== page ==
#### 2.2.1. Neutron Transmission and Total Cross-Section

_{0}(λ) as follows:

_{0}(λ) do not contain the background noise. On the other hand, Tr(λ) is theoretically expressed by:

_{tot}is total cross-section, ρ is atomic number density and t is thickness, respectively. Note that the projected atomic number density ρt can be evaluated in a transmission spectroscopy. By using the refined projected atomic number density ρt, the volume fractions of each crystalline phase can be deduced and mapped [9].

#### 2.2.2. Coherent Elastic Scattering (Nuclear Bragg Scattering) and the Crystal Structure Factor

_{hkl}(λ) [18,21,22] for strain analysis, the March-Dollase preferred orientation function P

_{hkl}(λ) [18,22,23] for texture analysis and Sabine’s primary extinction function E

_{hkl}(λ) [22,24,25] for crystallite size analysis. Here, V

_{0}is unit cell volume of crystal structure and F

_{hkl}is the crystal structure factor that is defined by the same definition of crystallography [7]:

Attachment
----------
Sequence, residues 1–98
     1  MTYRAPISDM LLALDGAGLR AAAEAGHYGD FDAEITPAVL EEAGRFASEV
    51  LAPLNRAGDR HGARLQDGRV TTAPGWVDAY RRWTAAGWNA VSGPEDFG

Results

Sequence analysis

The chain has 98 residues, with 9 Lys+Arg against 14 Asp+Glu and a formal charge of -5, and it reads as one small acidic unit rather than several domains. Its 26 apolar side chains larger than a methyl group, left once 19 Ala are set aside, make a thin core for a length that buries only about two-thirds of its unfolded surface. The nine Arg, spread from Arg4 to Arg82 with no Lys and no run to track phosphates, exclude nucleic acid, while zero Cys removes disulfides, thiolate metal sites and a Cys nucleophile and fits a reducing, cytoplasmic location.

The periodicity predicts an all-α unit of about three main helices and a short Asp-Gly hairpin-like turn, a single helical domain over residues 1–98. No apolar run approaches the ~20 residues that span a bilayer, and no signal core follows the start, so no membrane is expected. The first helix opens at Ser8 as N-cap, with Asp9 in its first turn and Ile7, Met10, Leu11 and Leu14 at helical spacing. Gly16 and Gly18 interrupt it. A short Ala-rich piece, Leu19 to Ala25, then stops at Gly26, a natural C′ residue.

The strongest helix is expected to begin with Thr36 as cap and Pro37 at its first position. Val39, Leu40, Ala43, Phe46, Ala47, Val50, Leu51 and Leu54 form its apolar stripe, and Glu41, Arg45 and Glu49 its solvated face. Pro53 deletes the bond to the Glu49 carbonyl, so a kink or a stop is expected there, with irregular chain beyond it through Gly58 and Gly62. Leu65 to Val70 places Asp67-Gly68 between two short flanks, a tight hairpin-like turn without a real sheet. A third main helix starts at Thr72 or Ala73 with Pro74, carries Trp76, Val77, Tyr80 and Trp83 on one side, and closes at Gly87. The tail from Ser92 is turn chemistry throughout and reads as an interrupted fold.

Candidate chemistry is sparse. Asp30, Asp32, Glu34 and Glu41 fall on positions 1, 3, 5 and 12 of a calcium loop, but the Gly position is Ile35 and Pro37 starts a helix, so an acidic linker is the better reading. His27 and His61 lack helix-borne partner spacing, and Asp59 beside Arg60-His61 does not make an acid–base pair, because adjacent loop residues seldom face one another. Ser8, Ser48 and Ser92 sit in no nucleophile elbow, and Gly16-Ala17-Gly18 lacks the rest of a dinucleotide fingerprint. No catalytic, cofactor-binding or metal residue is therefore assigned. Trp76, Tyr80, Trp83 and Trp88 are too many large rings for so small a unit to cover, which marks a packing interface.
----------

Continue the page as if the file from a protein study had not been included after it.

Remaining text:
_{n}is site occupancy of nth atom, b

_{n}is scattering length of nth atom, (x

_{n}, y

_{n}, z

_{n}) is fractional coordinate of nth atom, the exponential is the Debye-Waller factor and B

_{iso}is isotropic atomic displacement parameter, respectively.

#### 2.2.3. Edge Profile Function R_{hkl}(λ) for Macro/Micro-Strain Correction/Analysis

_{hkl}(λ), is the Jorgensen-type edge profile function [18,21,22]. This function can describe the profile change near Bragg-edge due to instrumental wavelength resolution and micro-strain (relating to dislocation density etc.). The expression [4] is:

_{hkl}is a broadening parameter representing the Bragg-edge profile. In the RITS code, this parameter is separated to the instrumental wavelength resolution part σ

_{0}(the standard deviation of (asymmetric) Jorgensen-type edge profile function) and the micro-strain part σ

_{1}’ (the standard deviation of (symmetric) complementary error function), respectively [6]:

_{1}’

_{,hkl}represents the standard deviation and w

_{hkl}represents FWHM (full width at half maximum) of the d-spacing distribution expressed by the Gaussian profile. Moreover, α

_{hkl}is the rising parameter of Bragg-edge and β

_{hkl}is the decaying parameter of Bragg-edge. By determining the instrumental wavelength resolution parameters σ